Social Misson

The CLASS Scholars were challenged to think about their digital identities by Dr. Sybril Brown, Professor of Journalism at Belmont University, this past Thursday evening. In this first seminar in the Wedgewood Academic Center, the Scholars first viewed a video outlining the global scale and scope of social media, and were asked what surprised or stuck with them. The enormity of the numbers of people on social media, the pervasiveness of technology, and the likelihood that millennials aren’t thinking strategically about their presence online can all lead to important decisions being made about their future that may seem beyond their control. As “Dr. Syb” pointed out, “Your sins may be forgiven offline but they won’t be forgotten online.”

Scholars work on their digital footprint in this selfie with Dr. Syb.
Scholars work on their digital footprint in this selfie with Dr. Syb.

So what are people to do? How do you go about shaping your image online? Dr. Syb cited the work of Erik Qualman, who discusses these issues in terms of someone’s “digital shadow” vs. their “digital footprint.” People’s “digital shadows” are all of those things they cannot control, including other people posting embarrassing or compromising images or information about them online. A “digital footprint” includes measures a person can undertake intentionally to shape image online. “Create a consistent brand of excellence for yourself online,” advised Dr. Syb, so that potential colleges, employers, and others see the “honest and authentic positive reality” of who you are.

Twitter, according to Dr. Syb, has become a hub for research (especially social science research, but also active conversations between experts in science, literature, and business); relationships (she told the story of having been introduced to Erik Qualman via twitter at a conference and forming a positive, mutually beneficial, professional relationship with him); and reputation (along with Linked In, which Dr. Syb dubbed “Facebook for business”).

Dr. Syb's twitter page.
Dr. Syb’s twitter page.

She showed how her own identity online is consistent with her reality and her aspirations, and how becoming “Dr. Syb” created an easily recognizable brand that can move across many platforms.

She then asked the Scholars to begin on their own development of a web presence that can set them apart by having them write down one-word descriptions of themselves and then turning the positive descriptors into a tweetable mission statement. Since anything posted online becomes a part of a person’s public image, every effort should be made to control the part of that image that can be controlled. Thus Dr. Syb encouraged the Scholars to set themselves apart “locally, nationally, and globally” by chronicling their positive experiences online, including their participation in the CLASS Seminars.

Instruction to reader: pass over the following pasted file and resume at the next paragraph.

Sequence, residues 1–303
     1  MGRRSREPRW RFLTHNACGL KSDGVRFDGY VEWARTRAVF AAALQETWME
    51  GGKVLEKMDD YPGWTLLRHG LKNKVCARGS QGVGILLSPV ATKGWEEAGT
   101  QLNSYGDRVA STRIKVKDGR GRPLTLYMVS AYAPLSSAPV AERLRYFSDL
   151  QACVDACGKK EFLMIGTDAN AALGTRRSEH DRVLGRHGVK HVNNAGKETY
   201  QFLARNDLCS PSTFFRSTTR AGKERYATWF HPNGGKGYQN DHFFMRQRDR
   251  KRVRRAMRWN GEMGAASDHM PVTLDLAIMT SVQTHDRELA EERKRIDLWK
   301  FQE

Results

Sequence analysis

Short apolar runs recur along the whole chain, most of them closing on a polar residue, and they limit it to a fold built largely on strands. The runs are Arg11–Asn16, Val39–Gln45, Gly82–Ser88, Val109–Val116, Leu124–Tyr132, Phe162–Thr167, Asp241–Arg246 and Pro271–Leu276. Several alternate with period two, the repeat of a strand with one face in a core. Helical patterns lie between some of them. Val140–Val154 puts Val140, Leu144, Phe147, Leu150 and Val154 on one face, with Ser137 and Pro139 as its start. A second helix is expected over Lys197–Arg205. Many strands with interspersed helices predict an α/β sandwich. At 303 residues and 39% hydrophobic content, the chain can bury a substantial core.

The seminar gave the Scholars a lot to consider as they returned to a life led, at least in part, online.

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Mansion Mysteries

The CLASS Scholars got a taste of high living, 1850s-style with their visit to the Belmont Mansion on August 27.

GrandSalon1
The Grand Salon of Belmont Mansion, where the Belmont Scholars heard Dr. Jackson-Abernathy’s talk.

After gathering in the gazebos and on the steps of the mansion, catching up with folks they hadn’t seen all summer, the scholars entered the Grand Salon for a talk by Dr. Brenda Jackson-Abernathy, chair of the History Department at Belmont University. Dr. Jackson-Abernathy explained what academic historians do with reference to her own search for materials about Adelicia Acklen, who had the mansion built in the 1850s. Adelicia Acklen was prominent in Nashville society, mentioned often in the newspapers of her day. When she died in the 1880s and her children sold the house, it was used for a variety of other purposes, including dormitories for the original Belmont College. In the process of preparing the mansion for other uses, the personal papers of Adelicia and her three husbands were destroyed.

Portraiit of Adelicia Acklen.
Portrait of Adelicia Acklen.

Dr. Jackson-Abernathy asked the Scholars to think about where a historian might look for source information about historical figures, and their answers mapped out Dr. Jackson-Abernathy’s own searches through the libraries and the archives of historical societies, court records and real estate transactions, shopping lists and the letters and papers of relatives in the U.S. and abroad. Research into people like Adelicia can lead to a better understanding of life as it was lived in the nineteenth century, both by wealthy people like the Acklens and by the hundreds of servants, slaves, craftspeople, and other laborers who made her lifestyle possible.

The Scholars then got an unscheduled tour by Mark E. Brown, Director of the Belmont Mansion, including some newly restored bedrooms on the second floor and some in-progress restoration work in the main parlor. They browsed through the mansion’s collections of statuary, paintings, porcelain, and other markers of the Acklens’ status. They asked a lot of questions and in the half hour of the tour gained some historical insights they weren’t expecting to have when the night began. Mark Brown and Dr. Jackson-Abernathy concluded the evening by entertaining more questions and dispelling some rumors (sorry, no secret underground tunnels on the premises) and confirming others (Adelicia did indeed keep a bear and even some alligators in the property).

It was a great start to the Fall Semester of CLASS Seminars!

CLASS Scholars reunite on the steps of the Belmont Mansion before the seminar.
CLASS Scholars reunite on the steps of the Belmont Mansion before the seminar.